The US Senate approved a bill that is designed to stiffen management of Florida’s nearly 3,000 Assisted Living Centers approved by a 38-0 vote. “It’s a work that we’ve all put a lot of attempt on,” said Sen. Eleanor Sobel, sponsor of HB 646. The Bill was prompted by a 2011 Miami Herald research that exposed years of misuse, neglect and even loss of life of ALF citizens, said Sobel, D-Hollywood. “Legislation failed in the 2012 session,” Sobel said during the bill’s second reading. “We have a more focused strategy this year. We are trying to better implement present rules. I know this bill considerably enhances the lives of over 80,000 citizens in ALFs in Florida.”
Change the fine structure for assisted living centers and make charges more foreseeable and fair. Fines would be specified rather than making the amount up to the Agency for Health Care Administration or AHCA, which manages the state’s ALFs. Bigger features would pay larger charges than small ALFs.
Clarify when AHCA must revoke a certificate or place a moratorium on a problem ALF.
Require a research of AHCA’s examinations to figure out if different personnel continually implement licensure requirements to help make sure the administration of the same requirements.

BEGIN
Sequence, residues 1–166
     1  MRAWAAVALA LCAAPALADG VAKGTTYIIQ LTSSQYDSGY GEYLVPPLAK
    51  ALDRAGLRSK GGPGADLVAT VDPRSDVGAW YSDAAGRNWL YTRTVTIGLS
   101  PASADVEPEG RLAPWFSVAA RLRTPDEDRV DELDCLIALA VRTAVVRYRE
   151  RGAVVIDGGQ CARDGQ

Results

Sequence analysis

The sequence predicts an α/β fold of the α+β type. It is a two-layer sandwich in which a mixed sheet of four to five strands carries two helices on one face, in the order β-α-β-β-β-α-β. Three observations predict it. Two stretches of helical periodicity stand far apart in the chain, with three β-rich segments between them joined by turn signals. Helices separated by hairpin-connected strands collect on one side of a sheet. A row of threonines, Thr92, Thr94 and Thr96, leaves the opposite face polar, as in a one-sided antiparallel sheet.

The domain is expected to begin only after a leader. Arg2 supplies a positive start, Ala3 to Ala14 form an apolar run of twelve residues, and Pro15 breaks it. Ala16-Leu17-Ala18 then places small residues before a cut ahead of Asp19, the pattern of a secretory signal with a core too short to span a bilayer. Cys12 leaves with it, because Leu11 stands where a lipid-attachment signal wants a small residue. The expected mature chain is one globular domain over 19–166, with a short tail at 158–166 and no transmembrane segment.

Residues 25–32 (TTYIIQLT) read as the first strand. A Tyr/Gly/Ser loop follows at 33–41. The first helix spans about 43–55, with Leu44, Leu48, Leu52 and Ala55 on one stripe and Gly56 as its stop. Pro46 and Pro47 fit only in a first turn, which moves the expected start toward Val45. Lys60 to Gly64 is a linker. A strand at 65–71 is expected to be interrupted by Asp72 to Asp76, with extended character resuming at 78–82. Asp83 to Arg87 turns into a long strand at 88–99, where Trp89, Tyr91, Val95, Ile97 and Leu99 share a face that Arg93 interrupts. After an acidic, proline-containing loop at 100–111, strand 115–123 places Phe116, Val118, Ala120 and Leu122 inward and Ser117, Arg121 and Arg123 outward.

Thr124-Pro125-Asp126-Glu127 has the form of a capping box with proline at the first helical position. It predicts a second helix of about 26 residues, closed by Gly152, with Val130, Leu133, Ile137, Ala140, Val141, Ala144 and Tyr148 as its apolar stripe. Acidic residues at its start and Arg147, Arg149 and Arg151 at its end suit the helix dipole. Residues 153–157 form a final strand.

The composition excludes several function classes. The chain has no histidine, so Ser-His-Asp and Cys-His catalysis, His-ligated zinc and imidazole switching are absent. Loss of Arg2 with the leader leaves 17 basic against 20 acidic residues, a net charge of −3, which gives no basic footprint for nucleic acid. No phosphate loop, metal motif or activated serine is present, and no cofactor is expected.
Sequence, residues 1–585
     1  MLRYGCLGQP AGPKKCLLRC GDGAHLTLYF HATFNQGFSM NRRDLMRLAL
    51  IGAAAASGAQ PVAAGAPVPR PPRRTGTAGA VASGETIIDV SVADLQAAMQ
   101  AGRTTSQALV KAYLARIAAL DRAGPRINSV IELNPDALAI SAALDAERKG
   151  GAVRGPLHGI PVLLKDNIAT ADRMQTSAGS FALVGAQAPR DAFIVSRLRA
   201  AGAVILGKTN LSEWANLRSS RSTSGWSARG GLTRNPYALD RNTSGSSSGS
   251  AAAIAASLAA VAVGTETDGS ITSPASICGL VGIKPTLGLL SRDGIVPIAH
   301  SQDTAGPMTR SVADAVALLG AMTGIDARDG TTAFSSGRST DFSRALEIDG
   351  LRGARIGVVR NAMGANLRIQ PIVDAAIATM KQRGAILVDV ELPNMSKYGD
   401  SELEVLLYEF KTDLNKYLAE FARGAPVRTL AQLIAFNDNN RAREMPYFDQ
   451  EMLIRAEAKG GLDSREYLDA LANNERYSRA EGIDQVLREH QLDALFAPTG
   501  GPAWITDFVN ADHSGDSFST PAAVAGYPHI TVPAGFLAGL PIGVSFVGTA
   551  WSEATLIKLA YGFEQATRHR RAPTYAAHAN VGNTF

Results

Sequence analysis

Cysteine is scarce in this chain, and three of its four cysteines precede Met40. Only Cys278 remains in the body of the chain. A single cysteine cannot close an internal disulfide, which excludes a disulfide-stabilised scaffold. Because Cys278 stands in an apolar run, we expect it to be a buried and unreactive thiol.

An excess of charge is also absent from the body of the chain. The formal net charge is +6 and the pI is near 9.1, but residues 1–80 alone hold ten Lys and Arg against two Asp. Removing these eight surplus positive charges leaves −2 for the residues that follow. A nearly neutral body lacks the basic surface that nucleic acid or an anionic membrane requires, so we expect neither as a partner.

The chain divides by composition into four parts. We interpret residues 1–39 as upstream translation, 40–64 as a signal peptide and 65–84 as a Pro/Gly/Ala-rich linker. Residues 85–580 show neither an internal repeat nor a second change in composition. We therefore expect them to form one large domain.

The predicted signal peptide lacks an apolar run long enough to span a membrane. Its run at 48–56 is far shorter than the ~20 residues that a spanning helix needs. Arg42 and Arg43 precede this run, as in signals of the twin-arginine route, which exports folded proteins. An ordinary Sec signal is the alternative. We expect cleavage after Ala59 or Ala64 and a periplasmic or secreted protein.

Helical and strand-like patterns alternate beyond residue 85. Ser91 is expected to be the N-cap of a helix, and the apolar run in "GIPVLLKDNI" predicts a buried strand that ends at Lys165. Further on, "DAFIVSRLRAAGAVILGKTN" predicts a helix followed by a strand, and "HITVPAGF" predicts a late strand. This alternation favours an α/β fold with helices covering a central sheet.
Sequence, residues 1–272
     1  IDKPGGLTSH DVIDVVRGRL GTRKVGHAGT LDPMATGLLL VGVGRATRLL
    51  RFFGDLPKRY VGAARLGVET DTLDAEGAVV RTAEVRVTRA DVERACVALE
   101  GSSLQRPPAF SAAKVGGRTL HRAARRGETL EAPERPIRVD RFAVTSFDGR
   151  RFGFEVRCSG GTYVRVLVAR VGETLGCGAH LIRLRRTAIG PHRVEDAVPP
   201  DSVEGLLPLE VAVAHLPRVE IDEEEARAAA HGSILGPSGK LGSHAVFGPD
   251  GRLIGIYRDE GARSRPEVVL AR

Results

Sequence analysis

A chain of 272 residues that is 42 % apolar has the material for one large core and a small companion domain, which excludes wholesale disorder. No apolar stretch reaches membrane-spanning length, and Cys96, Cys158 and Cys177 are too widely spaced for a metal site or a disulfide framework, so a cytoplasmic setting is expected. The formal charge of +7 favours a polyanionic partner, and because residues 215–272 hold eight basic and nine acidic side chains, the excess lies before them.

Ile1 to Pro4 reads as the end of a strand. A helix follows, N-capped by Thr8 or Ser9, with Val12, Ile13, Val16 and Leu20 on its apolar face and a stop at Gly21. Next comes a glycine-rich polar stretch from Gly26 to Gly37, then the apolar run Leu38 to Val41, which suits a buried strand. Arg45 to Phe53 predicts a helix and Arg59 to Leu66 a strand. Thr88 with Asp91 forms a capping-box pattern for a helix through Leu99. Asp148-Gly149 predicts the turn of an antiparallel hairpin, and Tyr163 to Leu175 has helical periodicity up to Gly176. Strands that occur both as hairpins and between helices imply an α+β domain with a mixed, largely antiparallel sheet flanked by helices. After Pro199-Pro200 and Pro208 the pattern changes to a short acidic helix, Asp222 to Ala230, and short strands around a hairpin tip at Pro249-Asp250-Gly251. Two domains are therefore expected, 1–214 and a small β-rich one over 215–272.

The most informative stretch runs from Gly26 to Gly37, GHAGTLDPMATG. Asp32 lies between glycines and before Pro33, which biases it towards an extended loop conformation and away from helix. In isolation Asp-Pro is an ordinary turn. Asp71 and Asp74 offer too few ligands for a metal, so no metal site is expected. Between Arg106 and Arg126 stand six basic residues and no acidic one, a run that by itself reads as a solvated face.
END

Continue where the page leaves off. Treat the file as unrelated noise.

Require that houses with at least one mental health patient acquire a specialized certificate for restricted psychological health insurance coverage make and make certain the service has a plan for a resident’s psychological health care. The present need is three psychological health patients.
Ensure all ALFs offer a two-hour pre-service training for new service workers.
Supporters compliment a need for AHCA to develop an ALF ranking system by Nov. 1. Physicians would also be needed to make a customer guide website with a supervised opinion area to be available by Jan. 1. The community would be able to add feedback which would “capture the energy of competitors to enhance the quality of care and solutions in ALFs.” The invoice would also require ALFs to notify new citizens that it is unlawful to get back against citizens who make a complaint to a long-term care ombudsman, deal with examinations and charges.